For instance, most people see others driving a car for 15 years. They likely form ideas of what it feels like to drive a car. But when the time comes for them to do it, things feel quite a bit different than they expected, and their whole concept of driving needs to be readjusted so they can learn to be a good driver. So, refs who haven’t dunked have a lesser understanding of what is involved in a dunk. Is this still a pathetic argument?

I hope you reply to this. I’m enjoying it.

On the first point:
Talking straight physics here (cause that’s what I do), the pendulum example doesn’t really apply in this case. I will try to explain why it isn’t really a physics issue as to why it is easier to hang on the rim if you pull up:
The force that is causing the rotation is not gravity, it is the reaction force from rim (the rim pulling the player toward the center of rotation) and gravity is the force providing the oscillation. The fact that the shorter pendulum will stop swinging first is because the forces of friction on a small scale are in higher proportion to the motive forces in the shorter pendulum than the longer one, but by increasing the masses and lengths of BOTH of them, the difference in swinging time will become less and less significant. By this, I mean that on a bigger scale (a short and long clock pendulum compared to a short and long person’s body hanging from a rim) the difference TIME that it takes them to stop swinging is based on resistive forces, and doesn’t make it easier to hang on the rim in either case. Notice I’m just referring to the ‘time it takes to stop swinging,’ saying that this part of your is mostly irrelevant in making it easier to hang on.
Now, the flexing the other arm muscles is a biomechanics issue, and I’ll give you that. By using arm muscles and hanging on with fingers to control your momentum, it distributes the effort to different parts and effectively makes it easier to hold on for longer.
What I’m saying is that it’s almost never absolutely necessary to hold on the rim at all. Even going at full speed, it’s almost always possible to put the ball in and pull your hand down without it affecting the motion of the rest of your body very much at all – an outstretched arm is not rigid, and most of the effect of hitting the rim can be absorbed in the arm without transferring rotational motion to the body. Yes, I’ve done it plenty of times and for me it’s usually an issue of pulling my arm out of there fast enough so I can land on my feet. I don’t hang on the rim out of mere principle, and that where I play everyone does it and the rims are all bent to shit by now anyway from people pulling up on them.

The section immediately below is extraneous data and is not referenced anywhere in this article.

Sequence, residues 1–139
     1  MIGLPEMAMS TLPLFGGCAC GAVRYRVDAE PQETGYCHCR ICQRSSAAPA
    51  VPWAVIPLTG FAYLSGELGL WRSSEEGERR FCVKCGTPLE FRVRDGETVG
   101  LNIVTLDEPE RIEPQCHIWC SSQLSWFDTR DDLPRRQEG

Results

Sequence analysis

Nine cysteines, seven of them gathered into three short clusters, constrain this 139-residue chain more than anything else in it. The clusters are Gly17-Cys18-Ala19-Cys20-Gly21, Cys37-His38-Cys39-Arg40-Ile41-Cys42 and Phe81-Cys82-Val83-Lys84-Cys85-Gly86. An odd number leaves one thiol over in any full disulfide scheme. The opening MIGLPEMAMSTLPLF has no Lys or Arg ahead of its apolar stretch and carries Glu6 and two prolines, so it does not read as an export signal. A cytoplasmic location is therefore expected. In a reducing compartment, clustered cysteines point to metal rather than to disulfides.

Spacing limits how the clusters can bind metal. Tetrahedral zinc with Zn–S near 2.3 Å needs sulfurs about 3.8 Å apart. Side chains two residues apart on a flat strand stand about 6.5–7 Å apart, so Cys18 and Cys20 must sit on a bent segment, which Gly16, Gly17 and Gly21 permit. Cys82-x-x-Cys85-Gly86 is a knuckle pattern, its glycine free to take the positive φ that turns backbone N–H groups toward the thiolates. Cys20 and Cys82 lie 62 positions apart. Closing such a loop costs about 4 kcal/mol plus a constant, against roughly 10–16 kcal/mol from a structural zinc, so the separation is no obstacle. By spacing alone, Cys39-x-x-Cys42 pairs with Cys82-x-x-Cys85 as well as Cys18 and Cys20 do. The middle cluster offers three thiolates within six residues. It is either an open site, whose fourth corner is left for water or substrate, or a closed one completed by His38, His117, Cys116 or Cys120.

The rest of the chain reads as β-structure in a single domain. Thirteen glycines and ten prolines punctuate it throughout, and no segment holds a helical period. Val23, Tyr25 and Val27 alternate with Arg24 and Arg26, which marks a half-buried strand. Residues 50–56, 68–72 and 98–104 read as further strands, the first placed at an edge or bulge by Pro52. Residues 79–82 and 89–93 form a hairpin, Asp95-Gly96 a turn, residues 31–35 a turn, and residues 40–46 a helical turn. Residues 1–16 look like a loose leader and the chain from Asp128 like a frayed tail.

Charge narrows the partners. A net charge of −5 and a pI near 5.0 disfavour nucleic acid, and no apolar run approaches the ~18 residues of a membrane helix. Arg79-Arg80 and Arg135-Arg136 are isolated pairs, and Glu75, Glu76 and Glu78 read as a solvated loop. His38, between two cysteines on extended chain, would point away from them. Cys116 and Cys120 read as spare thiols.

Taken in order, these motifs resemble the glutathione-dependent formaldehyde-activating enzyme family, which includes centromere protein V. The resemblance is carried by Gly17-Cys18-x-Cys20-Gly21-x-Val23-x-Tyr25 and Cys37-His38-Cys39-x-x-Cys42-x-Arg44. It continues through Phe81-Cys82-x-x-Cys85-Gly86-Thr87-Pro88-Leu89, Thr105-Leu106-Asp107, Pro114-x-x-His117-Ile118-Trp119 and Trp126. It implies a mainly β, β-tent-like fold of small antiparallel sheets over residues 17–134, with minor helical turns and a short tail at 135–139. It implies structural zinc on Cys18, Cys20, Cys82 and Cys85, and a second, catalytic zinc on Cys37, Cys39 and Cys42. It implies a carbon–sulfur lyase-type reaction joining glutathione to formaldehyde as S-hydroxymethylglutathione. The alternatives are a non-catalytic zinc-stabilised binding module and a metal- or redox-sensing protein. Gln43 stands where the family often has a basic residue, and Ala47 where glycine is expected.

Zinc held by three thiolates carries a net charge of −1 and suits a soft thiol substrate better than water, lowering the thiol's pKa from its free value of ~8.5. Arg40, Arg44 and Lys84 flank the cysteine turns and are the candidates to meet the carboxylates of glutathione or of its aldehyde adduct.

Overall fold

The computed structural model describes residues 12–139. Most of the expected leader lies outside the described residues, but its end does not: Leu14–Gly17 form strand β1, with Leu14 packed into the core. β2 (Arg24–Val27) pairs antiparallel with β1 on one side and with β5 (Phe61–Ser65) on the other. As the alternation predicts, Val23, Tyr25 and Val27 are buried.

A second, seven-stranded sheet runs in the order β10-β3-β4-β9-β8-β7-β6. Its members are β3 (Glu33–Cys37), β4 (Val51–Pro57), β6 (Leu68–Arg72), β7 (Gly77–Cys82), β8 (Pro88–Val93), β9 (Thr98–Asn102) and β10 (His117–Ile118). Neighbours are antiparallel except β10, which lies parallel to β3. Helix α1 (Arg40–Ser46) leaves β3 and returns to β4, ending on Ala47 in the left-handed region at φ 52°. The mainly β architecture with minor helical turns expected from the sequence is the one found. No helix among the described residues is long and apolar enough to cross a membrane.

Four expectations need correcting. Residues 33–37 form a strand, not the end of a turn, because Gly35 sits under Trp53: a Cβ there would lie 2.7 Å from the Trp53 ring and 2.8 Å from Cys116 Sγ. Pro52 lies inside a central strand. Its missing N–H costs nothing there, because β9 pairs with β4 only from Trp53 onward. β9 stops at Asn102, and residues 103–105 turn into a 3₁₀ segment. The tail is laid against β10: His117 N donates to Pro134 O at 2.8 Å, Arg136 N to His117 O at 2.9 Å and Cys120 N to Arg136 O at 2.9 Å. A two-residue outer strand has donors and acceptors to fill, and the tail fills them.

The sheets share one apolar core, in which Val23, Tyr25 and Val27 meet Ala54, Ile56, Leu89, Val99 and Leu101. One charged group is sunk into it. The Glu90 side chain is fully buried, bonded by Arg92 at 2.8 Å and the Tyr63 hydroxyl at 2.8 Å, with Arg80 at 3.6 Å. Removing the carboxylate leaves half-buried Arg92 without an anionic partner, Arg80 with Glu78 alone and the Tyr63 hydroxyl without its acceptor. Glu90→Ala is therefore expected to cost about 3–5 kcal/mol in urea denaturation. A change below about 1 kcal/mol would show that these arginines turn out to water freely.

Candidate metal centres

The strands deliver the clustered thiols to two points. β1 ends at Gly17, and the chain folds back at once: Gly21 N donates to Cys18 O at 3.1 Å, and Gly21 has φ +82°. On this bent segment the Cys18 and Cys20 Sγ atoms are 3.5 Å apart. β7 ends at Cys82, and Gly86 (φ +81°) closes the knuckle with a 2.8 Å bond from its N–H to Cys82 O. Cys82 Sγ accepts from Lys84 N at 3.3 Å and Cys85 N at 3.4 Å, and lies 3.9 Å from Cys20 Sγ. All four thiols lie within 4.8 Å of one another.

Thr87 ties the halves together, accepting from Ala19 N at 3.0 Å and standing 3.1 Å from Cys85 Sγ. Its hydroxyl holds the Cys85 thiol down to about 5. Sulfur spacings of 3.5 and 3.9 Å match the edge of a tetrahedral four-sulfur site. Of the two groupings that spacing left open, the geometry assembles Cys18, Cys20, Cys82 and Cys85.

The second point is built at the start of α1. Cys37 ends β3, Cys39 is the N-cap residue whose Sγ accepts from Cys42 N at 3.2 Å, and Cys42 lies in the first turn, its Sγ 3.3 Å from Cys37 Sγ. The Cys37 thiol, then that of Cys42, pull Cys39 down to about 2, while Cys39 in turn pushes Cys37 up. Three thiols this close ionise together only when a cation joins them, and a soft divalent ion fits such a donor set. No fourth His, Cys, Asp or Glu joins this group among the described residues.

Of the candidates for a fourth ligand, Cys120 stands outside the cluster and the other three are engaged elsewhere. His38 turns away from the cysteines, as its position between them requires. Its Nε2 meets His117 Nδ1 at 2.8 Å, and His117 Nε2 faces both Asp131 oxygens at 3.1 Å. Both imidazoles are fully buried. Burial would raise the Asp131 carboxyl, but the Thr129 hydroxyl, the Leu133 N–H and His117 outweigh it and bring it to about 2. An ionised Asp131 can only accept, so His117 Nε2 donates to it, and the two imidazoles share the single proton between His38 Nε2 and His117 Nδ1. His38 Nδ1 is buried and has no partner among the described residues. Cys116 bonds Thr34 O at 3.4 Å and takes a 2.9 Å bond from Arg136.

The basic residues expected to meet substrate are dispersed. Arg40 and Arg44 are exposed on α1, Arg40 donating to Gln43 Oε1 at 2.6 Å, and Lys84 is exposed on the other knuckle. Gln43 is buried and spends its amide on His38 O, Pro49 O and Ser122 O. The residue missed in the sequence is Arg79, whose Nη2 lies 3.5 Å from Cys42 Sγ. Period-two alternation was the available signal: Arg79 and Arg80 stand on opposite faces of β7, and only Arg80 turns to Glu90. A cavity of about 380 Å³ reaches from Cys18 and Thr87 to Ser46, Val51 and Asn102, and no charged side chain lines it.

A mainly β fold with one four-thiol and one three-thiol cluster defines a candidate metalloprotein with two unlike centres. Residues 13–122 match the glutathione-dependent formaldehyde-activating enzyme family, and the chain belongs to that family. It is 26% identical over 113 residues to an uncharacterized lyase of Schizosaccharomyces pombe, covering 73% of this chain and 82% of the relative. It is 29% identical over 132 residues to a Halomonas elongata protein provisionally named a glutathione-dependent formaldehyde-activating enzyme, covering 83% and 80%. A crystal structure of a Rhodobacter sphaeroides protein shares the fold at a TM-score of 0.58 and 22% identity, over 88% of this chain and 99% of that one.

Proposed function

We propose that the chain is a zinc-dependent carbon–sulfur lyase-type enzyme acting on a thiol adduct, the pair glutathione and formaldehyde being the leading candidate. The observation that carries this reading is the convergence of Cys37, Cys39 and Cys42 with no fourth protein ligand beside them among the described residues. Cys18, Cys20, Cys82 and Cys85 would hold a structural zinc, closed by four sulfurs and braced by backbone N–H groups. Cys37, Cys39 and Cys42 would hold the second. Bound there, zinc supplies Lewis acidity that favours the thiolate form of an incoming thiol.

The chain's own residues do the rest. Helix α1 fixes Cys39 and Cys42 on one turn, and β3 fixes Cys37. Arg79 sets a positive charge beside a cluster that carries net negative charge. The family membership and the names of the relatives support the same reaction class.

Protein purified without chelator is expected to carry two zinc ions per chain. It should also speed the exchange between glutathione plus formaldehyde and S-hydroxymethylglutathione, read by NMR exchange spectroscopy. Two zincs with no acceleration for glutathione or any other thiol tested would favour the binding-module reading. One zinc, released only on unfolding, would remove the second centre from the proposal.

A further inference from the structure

On the second point about the rules:
My reference to the fact that dunking itself is in contradiction with the rules is probably just a philosophical conviction of mine, and I don’t really mind if anyone takes it to heart – it’s just my opinion that, technically, dunking should be against the rules. But that doesn’t really matter anyway. However, the rules state that pulling up on the rim can only be done when it helps to ensure the player’s safety. I feel that including this clause does as much to endanger the dunking player as it does to help them. Perfect example: the other night when the Syracuse player went up to dunk on a fast break, he pulled up on the rim and his foot got caught on the shoulder of a Louisville player. As he let go, he was flipped nearly upside-down and landed on his neck, and by some miracle he was able to walk away from it unhurt. In this case, had he not held on to or pulled up on the rim (which was entirely possible) he would have come down and probably landed on his feet. By pulling up, he put himself in a more vulnerable position to be thrown around by the other players. This would be an example of this “safety rule” having the opposite of its intended effect, and that the rule would benefit from being unconditional, and that because of the arguments I have previously made that it is not necessary to ever hang on the rim, a hard rule against it would be more practical and effective and end debate over what’s in the name of safety and what’s just showing off. Now if only the refs were consistent…